Be audacious. That’s the motto for CEO, helicopter pilot midwife, international leader, and Griffith University Masters graduateJan Becker, who has carved out a unique business path and career, combining her passion for flying as a helicopter pilot with her skills as a midwife.

She is also the Chair of Helicopter Association International, and CEO of Becker Helicopters at Marcoola on the Sunshine Coast, running the largest helicopter pilot training Academy in the Southern Hemisphere.

“Light has to have day. Day has to have night, and I think you do have dark times, and you have times of doubt,” Jan says.

“And, sometimes it’s tough in this nation. We’re not too great at applauding others.

“The one thing that I’ve always loved about my nursing career and midwifery career is, you can effect change just by being a different person on the ward. And it’s the same as a helicopter pilot. There’s such a discipline that goes around it. But, it’s how you approach it. I love the discipline and the uniqueness of both of those careers.”

Alongside her team Jan coordinates emergency responses in floods, bushfires, and other emergencies.

Jan with her team of midwives in Tanzania

And that’s parallel to the joy of helping bring a new life into the world. Jan co-founded a midwifery training clinic in Tanzania with her daughter Chase, which they still visit regularly.

“I’ve found that I have a skill in being a midwife, and I just felt it was fair that you’d give that to somewhere in the world,” she says.

“We’re global citizens. We’re not Australian and New Zealand, well that’s how I see it. And, we’ve got to give back somewhere.”

She says her Griffith Masters degree in Aviation Management was pivotal to her taking on more responsibilities, and Jan urges other people to consider finding the extra 15 per cent that can change the direction of their lives.

“We have a saying in helicopters, you’re always flying into wind if you can,” Jan says.

“And when you fly into wind in a helicopter, wind is life. It’s an analogy that I think is so important.

“When you’re in a helicopter and you are hovering, you’re going absolutely nowhere, but you’re using between 80 and 85% of the power of that helicopter to hover.

“And people spend 85% of their time and energy, and they’re going nowhere. It’s the extra 15%, you raise that collective, you change the aerodynamics on the blade, and you move through translational lift, and that extra 15% is what makes you fly, and then you’re going somewhere.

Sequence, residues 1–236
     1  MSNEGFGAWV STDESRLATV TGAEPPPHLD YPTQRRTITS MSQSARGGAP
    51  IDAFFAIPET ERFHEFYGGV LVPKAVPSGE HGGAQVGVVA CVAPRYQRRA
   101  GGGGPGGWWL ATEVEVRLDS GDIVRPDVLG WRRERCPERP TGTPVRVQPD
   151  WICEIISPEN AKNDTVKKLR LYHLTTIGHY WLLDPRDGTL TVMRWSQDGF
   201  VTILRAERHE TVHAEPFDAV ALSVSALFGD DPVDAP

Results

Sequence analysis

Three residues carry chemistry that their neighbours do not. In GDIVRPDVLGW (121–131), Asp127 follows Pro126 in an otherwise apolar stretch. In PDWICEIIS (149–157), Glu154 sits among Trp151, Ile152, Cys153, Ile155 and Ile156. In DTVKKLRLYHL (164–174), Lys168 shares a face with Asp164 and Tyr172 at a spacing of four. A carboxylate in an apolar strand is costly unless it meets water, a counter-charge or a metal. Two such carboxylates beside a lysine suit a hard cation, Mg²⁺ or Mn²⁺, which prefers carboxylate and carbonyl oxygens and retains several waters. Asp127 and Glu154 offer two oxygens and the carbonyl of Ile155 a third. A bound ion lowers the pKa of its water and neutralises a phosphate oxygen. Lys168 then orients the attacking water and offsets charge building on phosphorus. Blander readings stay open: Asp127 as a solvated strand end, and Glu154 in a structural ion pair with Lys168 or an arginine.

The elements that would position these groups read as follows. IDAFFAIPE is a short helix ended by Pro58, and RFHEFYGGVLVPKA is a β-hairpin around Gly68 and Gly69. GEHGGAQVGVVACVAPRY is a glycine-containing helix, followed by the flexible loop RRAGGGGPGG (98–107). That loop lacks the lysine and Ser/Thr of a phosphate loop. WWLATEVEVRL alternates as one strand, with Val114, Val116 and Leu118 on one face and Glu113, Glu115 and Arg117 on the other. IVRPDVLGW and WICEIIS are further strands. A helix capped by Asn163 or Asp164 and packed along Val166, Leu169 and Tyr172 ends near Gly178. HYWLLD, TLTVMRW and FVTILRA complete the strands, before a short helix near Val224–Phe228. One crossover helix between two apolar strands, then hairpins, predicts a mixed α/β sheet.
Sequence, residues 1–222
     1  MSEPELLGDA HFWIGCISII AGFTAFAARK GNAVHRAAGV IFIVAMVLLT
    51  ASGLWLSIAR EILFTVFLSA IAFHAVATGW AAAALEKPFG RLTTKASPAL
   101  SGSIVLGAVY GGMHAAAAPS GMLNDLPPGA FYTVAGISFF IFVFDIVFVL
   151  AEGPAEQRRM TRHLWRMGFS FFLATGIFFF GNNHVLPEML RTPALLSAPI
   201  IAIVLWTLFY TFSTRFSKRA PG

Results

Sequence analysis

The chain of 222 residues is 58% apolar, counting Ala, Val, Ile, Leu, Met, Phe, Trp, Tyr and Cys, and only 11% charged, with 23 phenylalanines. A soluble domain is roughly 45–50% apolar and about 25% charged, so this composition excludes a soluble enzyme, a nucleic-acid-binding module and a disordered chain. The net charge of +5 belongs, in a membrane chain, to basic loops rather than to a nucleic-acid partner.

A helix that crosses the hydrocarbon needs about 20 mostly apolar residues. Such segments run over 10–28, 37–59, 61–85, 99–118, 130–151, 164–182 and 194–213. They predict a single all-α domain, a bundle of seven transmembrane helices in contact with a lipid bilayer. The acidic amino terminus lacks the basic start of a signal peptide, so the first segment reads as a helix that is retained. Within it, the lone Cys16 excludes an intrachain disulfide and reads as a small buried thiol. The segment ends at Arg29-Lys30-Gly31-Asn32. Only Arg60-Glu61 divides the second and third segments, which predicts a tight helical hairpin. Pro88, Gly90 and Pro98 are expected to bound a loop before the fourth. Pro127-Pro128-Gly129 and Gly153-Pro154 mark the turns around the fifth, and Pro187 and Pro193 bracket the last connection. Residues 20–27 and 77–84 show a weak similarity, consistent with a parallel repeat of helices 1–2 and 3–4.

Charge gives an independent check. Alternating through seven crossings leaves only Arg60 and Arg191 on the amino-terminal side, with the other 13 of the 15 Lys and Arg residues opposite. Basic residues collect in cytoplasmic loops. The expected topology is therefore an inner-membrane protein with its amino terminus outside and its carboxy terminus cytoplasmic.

“But unless you pull that power, and you change the pitch on the blades and change the altitude, you will never go anywhere but hover. And if you hover long enough, you’ll eventually run out of gas.

“And, I just think sometimes people need to believe in themselves that they’ve got the 15% there. They’ve got it, they’ve just got to make a decision to use it.”

She says studying her Masters was daunting, but she overcame her fears.

“I was running a helicopter company at the time with my husband, Mike, and I wanted to learn more about the metrics behind it,” she says.

“It taught me a discipline and a different way of thinking in business.

“The Masters doesn’t feed you the information. You’ve got to hunt it down, and be far more analytical.”

She says her career progression has been far from easy, but leaving the naysayers behind has been satisfying.

“I remember I was taking a gentleman out on the tarmac to go for a helicopter ride. And I said, “Well, jump in and we’ll get ready,” and he goes, “I’m not flying with a woman,” she says.

“And I remember thinking, it never occurred to me that he would think that that would be unusual.

“And it’s the same when you’re a CEO. Mike and I used to travel a lot for the business. And, if it says Captain Becker somewhere, they will naturally go to Mike. And so there is a propensity for us to think in boxes.”

Those skills stood her in good stead as the coronavirus pandemic took hold, and she considered how best to lead the company out of the pandemic crisis.

“I think you have to be a voracious learner. And I think if you’re not, you’re stuck somewhere in the past, because eventually time moves on,” she says.

“And if you don’t move with it, you’re thinking is cemented. And cemented thinking is, I think a big challenge.”

Last year, Jan received an Order of Australia Medal for her service to aviation and community health, through neonatal organisations.

Hear more of Jan’s story on the Griffith University podcast Remarkable Tales.